One area that will not be hit by job losses, however, is law enforcement. The Kremlin has walked back plans to reduce the number of Russia's 200,000-strong Interior Ministry troops. Here's how "Nezavisimaya gazeta" framed the story:
Aleksei Malashenko, a political analyst with the Moscow Carnegie Center, adds this:
And not only will the Interior Ministry forces not face cuts, but as "Sovershenno sekretno" reports (and Paul Goble blogs over at Window On Eurasia), their status is being upgraded. Their commander, General Nikolai Rogozhkin, has been promoted to deputy interior minister. They are getting more funds to purchase shiny new weapons. And they are being organized into rapid-reaction forces to deal with potential unrest.
And just in case everybody didn't get the picture, President Dmtry Medvedev warned Interior Ministry officials today that Russia is facing a "systemic threat" from extremism and has urged them to be vigilant:
Forever fighting the last war, the Kremlin is clearly preparing for Orange Revolution-style street protests that could destabilize the regime. They are trying to frighten the population by shouting "Extremism!" and "Separatism!" every chance they get.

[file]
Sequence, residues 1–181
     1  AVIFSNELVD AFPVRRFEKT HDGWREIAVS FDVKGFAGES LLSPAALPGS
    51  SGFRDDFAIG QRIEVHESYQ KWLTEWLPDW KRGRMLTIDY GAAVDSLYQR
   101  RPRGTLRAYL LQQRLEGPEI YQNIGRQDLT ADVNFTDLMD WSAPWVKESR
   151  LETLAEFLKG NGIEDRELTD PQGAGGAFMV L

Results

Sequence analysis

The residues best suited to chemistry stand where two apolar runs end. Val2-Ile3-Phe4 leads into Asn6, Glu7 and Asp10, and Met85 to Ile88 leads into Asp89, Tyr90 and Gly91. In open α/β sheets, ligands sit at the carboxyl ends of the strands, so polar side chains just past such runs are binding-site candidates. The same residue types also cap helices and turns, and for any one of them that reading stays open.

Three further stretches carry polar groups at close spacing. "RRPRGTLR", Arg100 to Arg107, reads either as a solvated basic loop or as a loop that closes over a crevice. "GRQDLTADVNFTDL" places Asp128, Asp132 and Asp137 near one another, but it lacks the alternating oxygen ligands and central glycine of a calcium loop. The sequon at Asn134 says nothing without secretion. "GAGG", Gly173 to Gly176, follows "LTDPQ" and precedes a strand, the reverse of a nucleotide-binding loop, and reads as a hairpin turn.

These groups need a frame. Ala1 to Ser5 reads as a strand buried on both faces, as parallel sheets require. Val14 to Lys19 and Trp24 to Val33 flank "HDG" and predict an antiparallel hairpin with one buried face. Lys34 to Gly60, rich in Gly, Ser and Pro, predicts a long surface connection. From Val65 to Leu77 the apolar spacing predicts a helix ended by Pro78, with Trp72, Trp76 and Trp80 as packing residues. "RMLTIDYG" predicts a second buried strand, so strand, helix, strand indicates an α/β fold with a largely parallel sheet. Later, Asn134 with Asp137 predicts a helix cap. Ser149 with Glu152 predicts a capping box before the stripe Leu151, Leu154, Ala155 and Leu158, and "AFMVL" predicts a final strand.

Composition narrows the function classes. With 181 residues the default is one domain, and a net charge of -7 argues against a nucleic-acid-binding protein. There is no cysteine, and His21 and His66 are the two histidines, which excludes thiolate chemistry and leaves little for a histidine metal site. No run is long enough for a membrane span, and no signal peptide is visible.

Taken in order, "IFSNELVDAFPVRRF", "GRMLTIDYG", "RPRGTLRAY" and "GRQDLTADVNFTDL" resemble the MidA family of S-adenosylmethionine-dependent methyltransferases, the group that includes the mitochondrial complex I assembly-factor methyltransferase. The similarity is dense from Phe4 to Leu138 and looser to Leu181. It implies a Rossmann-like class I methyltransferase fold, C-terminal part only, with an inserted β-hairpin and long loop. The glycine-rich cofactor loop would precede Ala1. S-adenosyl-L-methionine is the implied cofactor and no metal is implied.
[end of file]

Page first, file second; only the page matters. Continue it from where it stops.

But as Robert Coalson has pointed out in an earlier post here, as the economy and social situation continue to deteriorate, dissent is showing up in some unexpected places.
It appears, for example, that the pro-Kremlin youth group Nashi has been running an undercover operation, sending spies into the ranks of opposition groups.
That is hardly surprising.
What is surprising, though, is that a Nashi activist closely involved with the program has decided to spill the beans, as "The Moscow Times" reports:
Bukovskaya told "The Moscow Times" that she decided to go public and "quit 'the 'dirty project' because she had become disillusioned with Nashi and sided with the opposition." She added that she felt strongly that the opposition, "the people who really stand up for the rights of ordinary citizens, must know about this project."
You can watch a video (in Russian) of Bukovskaya telling her story here and here.
Ilya Yashin, former leader of Youth Yabloko, tells "The Moscow Times" that he is concerned about Bukovskaya's safety given her revelations. "She is in a dangerous situation," Yashin said. "She mustn't be left alone."
I'll second that.
A year ago, another government informant, Aleksandr Novikov, applied for asylum in Great Britain after blowing the whistle on his handlers. Novikov said the Federal Security Service had paid him 8,000 rubles a month over a two-year period to inform on Garry Kasparov's United Civil Front. Novikov said he was "ashamed" of his behavior and publicly apologized to Kasparov.
One has to wonder how many more Anna Bukovskayas and Aleksandr Novikovs there are out there and how soon before they begin to surface.
-- Brian Whitmore